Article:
+ 2 forms of rectification, tube or diode (tube really makes notes POP! and unique sag)
+ TONE! It has cleans that are beautiful and dimensional. The drive channel can dial in the most beautiful breakup. The FX can be hard bypassed which simplifies the signal chain.

 #6150  by tigerstrat
 Thu Jun 08, 2006 1:41 pm
wisedyes wrote:Not trying to plug anyone shamelessly, but do yourself a favor, and before you splurge on a Fender, check out the Traynor Custom Valve series. Canadian made, built like freaking tanks, and if you ask me, more versatile than Fenders while still doing everything a Fender amp will do. they are also usually easy to find for significantly less $$$. Trust me, you will NOT be sorry if you do.
I will support this suggestion. The former Bobby of one of my bands plays a Traynor 40w 1x12 tube combo w/reverb, and it sounds vibrant and warm and amazingly like a BF Fender. He's a smoking soloist as well, and I've heard him rip some amazing crispy-cream lead sounds out of that combo.

Mesas are great amps, but on the very pricey end. I own a 1985 "no"stripe Mark III(60w reverb combo), but favor the sound of my 1968 Dual Showman Reverb head over it, which is the exact same as a Twin chassis in a head.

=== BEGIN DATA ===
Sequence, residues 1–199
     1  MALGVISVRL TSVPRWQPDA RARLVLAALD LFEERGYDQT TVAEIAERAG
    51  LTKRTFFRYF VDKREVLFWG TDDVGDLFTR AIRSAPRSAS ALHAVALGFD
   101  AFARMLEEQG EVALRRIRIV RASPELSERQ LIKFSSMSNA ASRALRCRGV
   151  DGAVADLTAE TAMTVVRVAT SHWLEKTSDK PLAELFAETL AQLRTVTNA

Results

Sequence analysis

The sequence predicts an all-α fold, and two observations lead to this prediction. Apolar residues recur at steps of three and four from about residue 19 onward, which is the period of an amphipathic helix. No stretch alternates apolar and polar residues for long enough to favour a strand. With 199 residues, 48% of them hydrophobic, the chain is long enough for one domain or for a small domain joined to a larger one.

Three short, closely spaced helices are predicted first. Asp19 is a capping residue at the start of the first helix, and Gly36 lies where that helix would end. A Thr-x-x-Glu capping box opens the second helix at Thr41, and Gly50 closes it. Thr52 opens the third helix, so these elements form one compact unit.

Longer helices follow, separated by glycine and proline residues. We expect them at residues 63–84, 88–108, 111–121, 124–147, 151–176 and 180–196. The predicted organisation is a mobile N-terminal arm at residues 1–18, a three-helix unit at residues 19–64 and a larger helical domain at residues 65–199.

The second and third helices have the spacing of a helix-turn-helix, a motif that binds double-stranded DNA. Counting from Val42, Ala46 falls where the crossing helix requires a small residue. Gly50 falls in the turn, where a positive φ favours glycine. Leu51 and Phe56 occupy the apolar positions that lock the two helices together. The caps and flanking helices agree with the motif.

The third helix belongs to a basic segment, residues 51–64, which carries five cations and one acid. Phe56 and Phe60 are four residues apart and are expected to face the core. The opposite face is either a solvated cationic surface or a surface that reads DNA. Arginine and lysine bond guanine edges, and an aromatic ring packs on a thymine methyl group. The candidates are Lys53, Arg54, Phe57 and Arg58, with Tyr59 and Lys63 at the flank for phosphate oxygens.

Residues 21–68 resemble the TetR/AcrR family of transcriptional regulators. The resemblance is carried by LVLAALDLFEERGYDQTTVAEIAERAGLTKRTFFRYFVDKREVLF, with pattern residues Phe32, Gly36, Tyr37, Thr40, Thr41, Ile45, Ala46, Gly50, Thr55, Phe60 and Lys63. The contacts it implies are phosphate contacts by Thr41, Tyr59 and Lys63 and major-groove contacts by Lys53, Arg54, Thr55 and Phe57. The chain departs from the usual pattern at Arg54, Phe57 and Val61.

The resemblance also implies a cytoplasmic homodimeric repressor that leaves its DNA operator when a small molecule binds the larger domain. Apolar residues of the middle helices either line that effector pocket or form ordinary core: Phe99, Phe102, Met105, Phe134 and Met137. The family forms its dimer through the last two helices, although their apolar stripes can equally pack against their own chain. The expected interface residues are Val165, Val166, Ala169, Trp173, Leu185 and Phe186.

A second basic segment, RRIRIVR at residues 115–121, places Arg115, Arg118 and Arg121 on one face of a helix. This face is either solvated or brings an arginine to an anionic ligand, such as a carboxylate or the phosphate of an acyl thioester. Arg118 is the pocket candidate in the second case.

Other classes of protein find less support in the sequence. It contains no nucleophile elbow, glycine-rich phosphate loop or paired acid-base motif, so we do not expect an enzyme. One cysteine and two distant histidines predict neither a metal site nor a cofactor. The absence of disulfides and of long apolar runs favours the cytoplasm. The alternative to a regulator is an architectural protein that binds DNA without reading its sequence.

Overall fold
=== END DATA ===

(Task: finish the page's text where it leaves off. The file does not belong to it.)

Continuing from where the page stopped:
$3000 is WAY steep for a 70's Twin, even loaded up with the very best speakers and/or tubes & maintenance. You should find one for under a grand, and DSR heads are usually around $650-800.

As far as differences in Twins (or other AB763-circuit Fender amps), many of them can be researched in fine detail in the "dating fender amps by serial code" article that is out there somewhere if you google it. Some people will advise you to get a non-master volume version, which for most models stops in the early 70's around '71-'73, but I'm not sure if that stipulation is specifically geared towards the use of the amp as preamp-only out to a seperate power amp, a la Jerry.

 #6152  by pharewellphish
 Thu Jun 08, 2006 2:24 pm
thanks for all the help man